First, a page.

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Altitude: 155 m

Population: 94,500

Trinidadeños know how to enjoy the year-round balmy sunshine, and it involves whizzing around the tropical plaza and wide streets on the back of a motorbike. From a street side cafe, you could be forgiven for thinking you’re watching some kind of motorcycle regatta, as every possible type of motor and quad bike whizzes by you, doing the city circuit.

Motorbikes aside, Trinidad has a welcoming, laidback vibe and daily life revolves around watching sloths in the central plaza, or sampling local ice-cream in one of the many street side stores. Trinidad’s city metropolis is surrounded by rivers, tropical forest and the vast, flat pampas –where the area’s main activity, cattle ranching, takes place.

Often overshadowed as a tourist destination by its Amazonian neighbor, Rurrenabaque, you’ll be getting off the gringo trail if you choose to explore the Amazon from Trini, and it’s also the hop off destination for river trips up into the depths of the tropical forest. Situated 550 kilometers northwest of Santa Cruz on a paved road, Trinidad is the capital of the department of Beni, and de-facto capital of the Bolivian Amazon.

Founded as a Jesuit mission in 1686 under the name Santísima Trinidad, it was the second mission to be founded in the Moxos region, which is now part of the department of Beni. Its original position on the shores of the Río Mamoré proved too precarious, and it was moved to its current location in 1769, two years after the Jesuits were ejected from the region. The 19th century brought wealth and prosperity to the region, firstly from the quina shrub, the base product of the malaria treatment Quinine, and then from rubber, championed mainly by the infamous Suárez family (see Guayaramerín for more details).

The city is divided in two by the Arroyo de San Juan, an old river which used to host large boats to and from the Río Ibare during the rubber boom. Today, the stream has been filled with lilies to prevent flooding, and there a few green parks dotted along its edges. The arroyo is also home to a number of capybara, the world’s largest rodent. You can often find them wallowing in the mud among the lily plants.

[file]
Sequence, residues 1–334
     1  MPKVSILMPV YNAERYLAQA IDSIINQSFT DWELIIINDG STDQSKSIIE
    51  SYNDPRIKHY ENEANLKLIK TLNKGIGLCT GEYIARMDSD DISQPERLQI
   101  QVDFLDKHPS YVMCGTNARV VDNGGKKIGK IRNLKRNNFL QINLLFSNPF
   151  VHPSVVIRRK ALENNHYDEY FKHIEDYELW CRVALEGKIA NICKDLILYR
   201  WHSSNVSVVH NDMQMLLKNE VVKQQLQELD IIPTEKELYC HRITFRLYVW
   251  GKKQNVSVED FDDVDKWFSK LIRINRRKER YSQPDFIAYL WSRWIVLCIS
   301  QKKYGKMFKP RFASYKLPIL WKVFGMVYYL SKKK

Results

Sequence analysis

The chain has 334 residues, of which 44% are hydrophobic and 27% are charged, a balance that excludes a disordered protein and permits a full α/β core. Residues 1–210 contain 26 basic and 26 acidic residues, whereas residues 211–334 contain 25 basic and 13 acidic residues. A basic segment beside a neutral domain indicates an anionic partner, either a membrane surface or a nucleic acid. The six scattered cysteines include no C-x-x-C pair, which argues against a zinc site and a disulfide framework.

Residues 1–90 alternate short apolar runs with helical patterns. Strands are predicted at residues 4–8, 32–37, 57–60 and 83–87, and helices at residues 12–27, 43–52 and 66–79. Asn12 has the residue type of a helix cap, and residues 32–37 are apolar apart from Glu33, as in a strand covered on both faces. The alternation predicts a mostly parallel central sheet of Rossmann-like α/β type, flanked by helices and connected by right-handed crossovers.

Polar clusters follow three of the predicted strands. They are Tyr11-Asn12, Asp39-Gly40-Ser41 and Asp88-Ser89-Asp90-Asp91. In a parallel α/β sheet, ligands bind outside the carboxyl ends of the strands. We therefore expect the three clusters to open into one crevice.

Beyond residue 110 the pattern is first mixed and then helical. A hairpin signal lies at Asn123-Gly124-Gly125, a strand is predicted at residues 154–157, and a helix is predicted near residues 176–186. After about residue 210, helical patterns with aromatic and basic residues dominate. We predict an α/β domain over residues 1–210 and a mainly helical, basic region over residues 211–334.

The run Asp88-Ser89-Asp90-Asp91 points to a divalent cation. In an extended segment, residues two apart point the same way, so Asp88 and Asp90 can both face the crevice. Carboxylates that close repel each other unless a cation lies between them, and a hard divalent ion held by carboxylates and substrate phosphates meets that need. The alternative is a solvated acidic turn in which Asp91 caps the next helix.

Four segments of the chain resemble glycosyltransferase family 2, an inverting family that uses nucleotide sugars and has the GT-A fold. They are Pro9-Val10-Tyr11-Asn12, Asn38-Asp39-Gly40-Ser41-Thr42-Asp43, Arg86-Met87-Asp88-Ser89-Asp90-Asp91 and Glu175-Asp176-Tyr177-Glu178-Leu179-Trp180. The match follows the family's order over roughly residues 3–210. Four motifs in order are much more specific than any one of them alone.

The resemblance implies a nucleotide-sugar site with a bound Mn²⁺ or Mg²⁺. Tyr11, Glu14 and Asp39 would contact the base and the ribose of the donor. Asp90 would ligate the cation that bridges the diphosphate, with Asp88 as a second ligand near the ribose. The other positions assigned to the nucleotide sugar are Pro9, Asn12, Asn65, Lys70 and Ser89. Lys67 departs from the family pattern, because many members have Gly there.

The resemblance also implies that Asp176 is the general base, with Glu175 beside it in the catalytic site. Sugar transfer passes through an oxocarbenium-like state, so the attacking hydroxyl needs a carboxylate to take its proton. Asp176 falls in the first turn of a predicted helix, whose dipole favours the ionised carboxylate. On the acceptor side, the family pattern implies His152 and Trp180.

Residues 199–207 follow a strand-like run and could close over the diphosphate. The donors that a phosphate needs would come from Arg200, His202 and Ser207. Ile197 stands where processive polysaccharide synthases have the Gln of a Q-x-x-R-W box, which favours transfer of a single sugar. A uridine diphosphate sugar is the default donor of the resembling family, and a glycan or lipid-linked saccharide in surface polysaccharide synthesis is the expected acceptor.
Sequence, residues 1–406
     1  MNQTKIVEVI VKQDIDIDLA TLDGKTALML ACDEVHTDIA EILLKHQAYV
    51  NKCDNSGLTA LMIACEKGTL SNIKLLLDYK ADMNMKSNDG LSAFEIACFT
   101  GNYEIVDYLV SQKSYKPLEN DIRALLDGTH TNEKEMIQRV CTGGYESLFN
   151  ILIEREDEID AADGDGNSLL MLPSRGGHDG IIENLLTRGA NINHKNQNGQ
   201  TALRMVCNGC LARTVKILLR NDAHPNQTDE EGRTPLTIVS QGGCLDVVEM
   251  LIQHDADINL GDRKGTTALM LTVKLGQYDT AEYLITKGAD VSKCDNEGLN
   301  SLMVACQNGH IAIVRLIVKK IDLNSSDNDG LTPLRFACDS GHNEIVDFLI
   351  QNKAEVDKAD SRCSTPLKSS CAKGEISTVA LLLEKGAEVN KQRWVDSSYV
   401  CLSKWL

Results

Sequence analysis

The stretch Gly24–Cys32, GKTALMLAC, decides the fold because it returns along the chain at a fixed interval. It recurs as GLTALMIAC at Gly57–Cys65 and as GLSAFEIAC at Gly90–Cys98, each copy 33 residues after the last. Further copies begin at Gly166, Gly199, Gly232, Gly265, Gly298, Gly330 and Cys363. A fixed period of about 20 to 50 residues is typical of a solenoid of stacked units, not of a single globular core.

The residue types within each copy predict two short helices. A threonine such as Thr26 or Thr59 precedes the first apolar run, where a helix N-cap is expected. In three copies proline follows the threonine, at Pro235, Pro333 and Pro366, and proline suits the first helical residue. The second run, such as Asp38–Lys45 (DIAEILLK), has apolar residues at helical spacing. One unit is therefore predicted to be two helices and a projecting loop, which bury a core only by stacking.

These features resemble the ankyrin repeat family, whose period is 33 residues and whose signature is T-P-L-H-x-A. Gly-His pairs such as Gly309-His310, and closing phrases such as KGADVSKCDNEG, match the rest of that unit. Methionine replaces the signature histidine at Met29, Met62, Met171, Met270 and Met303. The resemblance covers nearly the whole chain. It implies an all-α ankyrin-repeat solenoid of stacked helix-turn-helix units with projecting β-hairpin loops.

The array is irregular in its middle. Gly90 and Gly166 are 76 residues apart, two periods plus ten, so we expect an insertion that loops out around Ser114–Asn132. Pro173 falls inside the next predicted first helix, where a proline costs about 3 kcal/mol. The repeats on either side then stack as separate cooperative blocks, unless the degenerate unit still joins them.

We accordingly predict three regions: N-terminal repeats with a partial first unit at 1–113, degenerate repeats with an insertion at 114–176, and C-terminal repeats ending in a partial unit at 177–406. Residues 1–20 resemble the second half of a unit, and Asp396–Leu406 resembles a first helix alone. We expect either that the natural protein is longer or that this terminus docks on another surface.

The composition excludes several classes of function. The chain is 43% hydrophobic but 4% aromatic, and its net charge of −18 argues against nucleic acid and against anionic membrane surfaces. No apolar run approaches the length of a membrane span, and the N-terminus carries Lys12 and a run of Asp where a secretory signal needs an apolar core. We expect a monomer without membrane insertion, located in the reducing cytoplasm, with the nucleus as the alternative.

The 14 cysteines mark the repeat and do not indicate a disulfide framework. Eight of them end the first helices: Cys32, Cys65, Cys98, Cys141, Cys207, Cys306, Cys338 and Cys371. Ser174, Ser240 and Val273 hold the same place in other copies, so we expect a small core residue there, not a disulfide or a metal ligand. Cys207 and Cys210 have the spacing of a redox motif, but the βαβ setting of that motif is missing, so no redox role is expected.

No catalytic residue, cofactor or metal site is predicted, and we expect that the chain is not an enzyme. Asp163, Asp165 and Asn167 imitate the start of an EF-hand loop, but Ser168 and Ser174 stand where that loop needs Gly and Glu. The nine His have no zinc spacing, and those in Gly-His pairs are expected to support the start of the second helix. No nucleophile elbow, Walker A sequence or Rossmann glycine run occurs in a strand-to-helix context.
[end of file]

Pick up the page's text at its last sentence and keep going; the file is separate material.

Trini’s highlights revolve around its position in the heart of the Amazon. The Río Ibare is just a eight kilometers from town, and is the place to go for river trips, swimming in custom made pools on the riverbanks, fishing, walking or just relaxing. The Río Mamoré, the biggest river in Bolivia, is also easily accessible from town, and is your ticket to pink river dolphins, abundant wildlife and huge sandy beaches. Choose to cruise the rivers on the Reina de Enín, mixing comfort with the Amazon jungle, or choose a more rustic trip up to the Brazilian border.

The private reserve at Chuchini, 15 kilometers from town, gives you the chance to experience Amazon fauna and flora within half an hour drive from town. Find out about the fascinating Moxos culture at the Museo Etno-Arqueológico del Beni ‘Kenneth Lee’ and see the wealth of aquatic life that lives in the rivers around Trinidad at the Museo Ictícola del Beni.

Fish is an obvious specialty, head to one of the restaurants by the river or any one of the specialty fish restaurants in town. With cattle ranches on the town’s doorstep, prime steak is fresh and succulent. There are a number of good restaurants on and around the main plaza, but many of the more specialized restaurants can be found to the south of the city centre, on the other side of the arroyo.

Trinidad has a full range of hotels, most of which can be found in the city centre. There are also a number of accommodation options out of town, if you want to be out in the campo.


Other places nearby Trinidad: San Ignacio de Moxos, The Southwest, Salt Flats and Wine Regions, Riberalta, San Borja, Rurrenabaque, Magdalena, Chiquitos, Santa Ana del Yacuma , Parque Nacional Noel Kempff Mercado and Parque Nacional Madidi.

09 Nov 2009

Things to do in Trinidad

Museo Etno-Arqueológico del Beni ‘Kenneth Lee’

If you’re interested in learning more about the hydraulic cultures of the Moxos, then the Museo Etno-Arqueológico del Beni ‘Kenneth Lee’ is the place to come. The museum exhibits ...
Trinidad, Bolivia

Museo Ictícola del Beni

One of South America’s most important aquatic life museums can be found on the outskirts of Trinidad, at the Museo Ictícola del Beni. Based on the grounds of the Universidad Técnica del Beni, the ...
Trinidad, Bolivia

Trinidad Nightlife

Trinidad isn’t exactly teeming with entertainment options, but there are a few places to go out and enjoy yourself. You can catch a movie at the Cine Tropical (Calle Joaquín de Sierra between the ...
Trinidad, Bolivia
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